Beautiful and talented Ha Ji-Won ("Slave Love", "Phone") plays the impetuous young detective Namsoon, while seasoned Ahn Sung-ki ("Silmido", "Arahan") plays her dumbfounded partner detective Ahn, in this story of greed and love in ancient Korea.

Chaos reigns as the country is flooded with counterfeit coins, sending the economy into a tailspin, and Namsoon is charged with finding the man responsible for this atrocity. In the midst of a sting operation in a crowded marketplace all hell breaks lose and in the confusion a killer reveals himself, as he slaughters his targets right in front of the surprised government officials.

When Namsoon comes face to face with the assassin, she falls in love with him right then and there. As she and Ahn begins to dig into the case she has a hard time focusing. The mysterious man haunts her day and night...


"Duelist" strikes an uneasy pose between soulful art film and fall-flat-on-your-face slapstick comedy. A combination that might have worked, had the director not chosen to tell his story in the most obnoxious way imaginable.

Director Lee Myung-se's last film was the iconic cop-thriller "Nowhere to Hide". I know this film has a strong following, but I found it impossible to watch, thanks in no small part to the awful visual style Lee has developed. A style so devoid of timing and finesse that his mental capacity could rightfully be called into question. He uses every trick in the book regardless of whether they're appropriate or not. "Nowhere to Hide" was bad, but "Duelist" is actually worse.

This is a catalogue of the worst ways to get from one image to another - Lee uses them all. Half the cuts in this film are made by letting objects pass in front of the camera, the other half by using dissolves.

Let me get a little technical for a moment.

An object passing in front of the camera is not a proper way to cut. Why not? Because it's a gimmick. When used correctly it can be a wink to the audience, but if used too much it breaks the fourth wall. It reminds the viewer that we are watching a film, and thus takes us out of the story. It's also a very "current" gimmick, which makes it even less usable in a period film such as this.

The dissolve is another story. It not only takes us from one image to another, it also creates a mood. It slows the pace and indicates that some time has passed. A dissolve can be perfect if there's a change of scenery in a film, or if there's a shift in time, but not location (e.g. it's afternoon, and then we cut to a night scene in the same place). It doesn't work when it's used within a scene - it just confuses.

When these techniques are used incorrectly, they create a muddled impression and that's the biggest problem with "Duelist". Throw in a couple of George Lucas wipes (I call them this because they are so prominently featured in the original "Star Wars" trilogy) and you'll have a vomit inducing look that had me retching and reaching for the eject button after about 10 minutes.

But it doesn't stop there. Lee also uses blur-motion shots (the kind where everything looks washed out), still image montages (God, I hate those) and even some Benny Hill inspired high-speed sequences, complete with looney music. I'm not sure which of these techniques is the most annoying, perhaps we should just ban them all?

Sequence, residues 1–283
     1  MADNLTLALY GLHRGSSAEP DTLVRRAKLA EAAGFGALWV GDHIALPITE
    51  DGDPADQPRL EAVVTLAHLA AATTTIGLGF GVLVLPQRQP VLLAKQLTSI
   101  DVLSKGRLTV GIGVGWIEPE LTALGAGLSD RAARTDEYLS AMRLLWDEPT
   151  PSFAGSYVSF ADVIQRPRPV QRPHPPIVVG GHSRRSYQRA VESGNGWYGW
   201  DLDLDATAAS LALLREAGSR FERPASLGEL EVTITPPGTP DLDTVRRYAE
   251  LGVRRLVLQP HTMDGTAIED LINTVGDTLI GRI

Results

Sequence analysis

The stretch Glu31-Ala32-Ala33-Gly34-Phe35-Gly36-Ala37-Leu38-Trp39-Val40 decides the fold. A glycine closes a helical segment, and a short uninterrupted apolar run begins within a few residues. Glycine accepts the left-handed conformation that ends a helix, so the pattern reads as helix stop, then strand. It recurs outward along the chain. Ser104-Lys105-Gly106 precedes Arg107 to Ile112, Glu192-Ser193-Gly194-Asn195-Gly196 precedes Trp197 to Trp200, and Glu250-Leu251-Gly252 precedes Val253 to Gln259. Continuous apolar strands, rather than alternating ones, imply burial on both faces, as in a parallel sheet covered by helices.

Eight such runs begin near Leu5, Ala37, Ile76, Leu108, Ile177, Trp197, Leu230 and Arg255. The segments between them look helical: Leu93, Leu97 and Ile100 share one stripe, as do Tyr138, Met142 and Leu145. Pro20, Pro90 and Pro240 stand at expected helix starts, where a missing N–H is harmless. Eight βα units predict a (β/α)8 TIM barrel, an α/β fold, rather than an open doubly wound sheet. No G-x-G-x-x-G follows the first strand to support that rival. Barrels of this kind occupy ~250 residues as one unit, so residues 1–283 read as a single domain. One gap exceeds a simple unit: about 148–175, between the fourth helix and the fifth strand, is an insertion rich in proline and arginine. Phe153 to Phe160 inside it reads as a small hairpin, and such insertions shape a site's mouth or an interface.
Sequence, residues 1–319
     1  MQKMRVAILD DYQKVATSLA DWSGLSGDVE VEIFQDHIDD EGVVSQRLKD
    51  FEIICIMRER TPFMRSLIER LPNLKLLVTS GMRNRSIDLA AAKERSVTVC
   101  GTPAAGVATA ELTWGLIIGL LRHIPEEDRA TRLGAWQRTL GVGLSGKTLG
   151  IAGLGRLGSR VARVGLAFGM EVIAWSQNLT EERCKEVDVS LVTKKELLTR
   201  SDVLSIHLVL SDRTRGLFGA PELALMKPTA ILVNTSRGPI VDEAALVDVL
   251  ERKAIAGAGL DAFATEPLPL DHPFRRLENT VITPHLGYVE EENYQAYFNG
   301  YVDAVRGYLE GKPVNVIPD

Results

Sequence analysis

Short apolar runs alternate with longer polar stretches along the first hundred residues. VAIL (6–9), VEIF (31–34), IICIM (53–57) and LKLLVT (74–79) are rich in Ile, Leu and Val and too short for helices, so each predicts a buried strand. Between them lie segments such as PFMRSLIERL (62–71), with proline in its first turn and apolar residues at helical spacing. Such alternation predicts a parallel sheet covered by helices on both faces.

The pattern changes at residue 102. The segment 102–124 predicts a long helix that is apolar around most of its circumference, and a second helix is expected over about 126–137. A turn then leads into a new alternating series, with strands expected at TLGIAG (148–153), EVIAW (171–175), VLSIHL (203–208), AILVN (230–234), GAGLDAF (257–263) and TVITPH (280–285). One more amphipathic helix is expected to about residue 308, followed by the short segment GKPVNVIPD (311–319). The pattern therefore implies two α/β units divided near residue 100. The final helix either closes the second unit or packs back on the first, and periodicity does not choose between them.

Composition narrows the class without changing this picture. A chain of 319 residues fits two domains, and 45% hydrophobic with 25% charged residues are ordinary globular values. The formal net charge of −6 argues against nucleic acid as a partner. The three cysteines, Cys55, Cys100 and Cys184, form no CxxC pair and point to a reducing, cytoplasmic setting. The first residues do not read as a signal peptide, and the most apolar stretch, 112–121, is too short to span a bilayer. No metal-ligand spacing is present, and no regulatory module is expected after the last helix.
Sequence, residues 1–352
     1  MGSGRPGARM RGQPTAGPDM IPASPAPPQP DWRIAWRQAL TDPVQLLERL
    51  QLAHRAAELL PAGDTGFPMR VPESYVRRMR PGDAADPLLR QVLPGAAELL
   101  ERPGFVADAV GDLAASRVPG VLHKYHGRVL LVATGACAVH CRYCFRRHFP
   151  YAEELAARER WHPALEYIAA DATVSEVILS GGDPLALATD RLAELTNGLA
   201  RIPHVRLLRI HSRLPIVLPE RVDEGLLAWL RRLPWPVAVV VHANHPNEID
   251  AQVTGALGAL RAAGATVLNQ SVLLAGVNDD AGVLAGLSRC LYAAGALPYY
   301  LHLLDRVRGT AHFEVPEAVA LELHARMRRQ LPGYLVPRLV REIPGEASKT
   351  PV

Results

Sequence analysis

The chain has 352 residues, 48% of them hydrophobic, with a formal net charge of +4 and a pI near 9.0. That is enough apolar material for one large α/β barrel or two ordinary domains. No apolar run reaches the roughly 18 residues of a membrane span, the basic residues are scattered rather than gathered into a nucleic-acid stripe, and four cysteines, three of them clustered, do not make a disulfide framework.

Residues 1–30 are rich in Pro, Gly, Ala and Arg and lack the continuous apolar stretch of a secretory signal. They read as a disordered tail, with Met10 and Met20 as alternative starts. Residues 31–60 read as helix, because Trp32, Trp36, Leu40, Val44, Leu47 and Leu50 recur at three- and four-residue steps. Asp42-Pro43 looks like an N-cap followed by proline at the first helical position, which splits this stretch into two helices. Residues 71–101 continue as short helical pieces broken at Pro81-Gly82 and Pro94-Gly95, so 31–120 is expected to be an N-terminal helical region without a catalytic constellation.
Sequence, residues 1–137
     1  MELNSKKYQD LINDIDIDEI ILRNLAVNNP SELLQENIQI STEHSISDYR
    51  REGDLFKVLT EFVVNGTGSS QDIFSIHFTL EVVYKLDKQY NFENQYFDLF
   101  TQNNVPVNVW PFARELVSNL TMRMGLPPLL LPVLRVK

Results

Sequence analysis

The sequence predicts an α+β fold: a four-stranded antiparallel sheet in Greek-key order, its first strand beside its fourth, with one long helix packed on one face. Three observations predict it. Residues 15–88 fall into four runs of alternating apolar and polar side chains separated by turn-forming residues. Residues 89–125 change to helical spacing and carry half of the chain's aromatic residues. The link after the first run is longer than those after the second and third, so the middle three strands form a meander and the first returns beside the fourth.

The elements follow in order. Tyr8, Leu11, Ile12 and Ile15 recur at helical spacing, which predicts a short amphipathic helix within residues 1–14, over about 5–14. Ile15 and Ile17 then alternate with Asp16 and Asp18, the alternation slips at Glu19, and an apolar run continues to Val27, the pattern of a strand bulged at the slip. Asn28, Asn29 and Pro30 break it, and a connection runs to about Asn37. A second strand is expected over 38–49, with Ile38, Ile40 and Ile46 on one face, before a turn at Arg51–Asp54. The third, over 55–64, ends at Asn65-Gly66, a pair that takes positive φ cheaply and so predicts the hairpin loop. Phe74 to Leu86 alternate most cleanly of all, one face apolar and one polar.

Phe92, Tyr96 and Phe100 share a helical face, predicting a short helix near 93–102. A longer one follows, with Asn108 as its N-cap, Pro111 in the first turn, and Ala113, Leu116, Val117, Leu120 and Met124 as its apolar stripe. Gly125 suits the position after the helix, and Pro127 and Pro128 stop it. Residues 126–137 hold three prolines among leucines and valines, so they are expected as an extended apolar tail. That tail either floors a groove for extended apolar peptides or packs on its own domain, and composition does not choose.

Then there's the story. Like I said, the film is a mix of comedy and drama, but there's nothing remotely funny about the story itself, and there's really no reason to include those comedy moments that plague the film. Also there's no rhythm in the storytelling, and often no purpose behind the "randomly strung together" scenes. It's a mystery to me how it's possible to mess up such a (basically) simple story. It would have been so simple to create a wild sprawling epic based on this idea. I can only assume the fault lies with director Lee Myung-se.

Finally we're treated to some absurdly cartoonish overacting from the two leads. The usually reliable Ahn Sung-ki looks like a host from a morning TV-show for kids, as he jumps around and makes (un)funny faces. Meanwhile Ha Ji-won recycles her performances from past teen-flicks, and it just doesn't work. Usually she's adorable, but here she's downright distracting. I don't get it. She can easily do serious drama, why force her to make a fool of herself like this? It's not all her fault, though, her character is a mess. I found it especially frustrating that the film didn't see fit to give any reason for her infatuation with the assassin.


Remember that 20 minute sequence near the end of "2001: A space Odyssey", where the hapless spaceman travels through the atmosphere of Jupiter in an impressive display of hallucinating colors? It's beautiful, sure, for about 2 seconds, then it becomes annoying, and after a while you just want the bloody thing to end. Sorta the same way I felt about "Duelist".

When you get right down to it, the film doesn't have a single redeeming feature. It's rubbish from start to finish. Utter rubbish. Pressing that eject button has rarely felt better.
David Bjerre
April 2, 2006
NOTE: I should point out that even though I felt like reaching for the eject button after 10 minutes, I didn't. I've made it a point never to review a film I haven't seen from start to finish.

Original Title
South Korea
Lee Myung-se
- Nowhere to Hide (1999)
- Their Last Love Affair (1996)
- My Love, My Bride (1990)
Ha Ji-won
- Daddy Long Legs (2005)
- Slave Love (2004)
- Sex Is Zero (2001)
- Phone (2002)
Kang Dong-won
- Too Beautiful to Lie (2004)
Ahn Sung-ki
- Arahan (2004)
- Silmido (2003)
- Last Witness (2001)
- Musa the Warrior (2001)
- Nowhere to Hide (1999)
- Soul Guardians (1998)
DVD Availability
Available on DVD from YesAsia: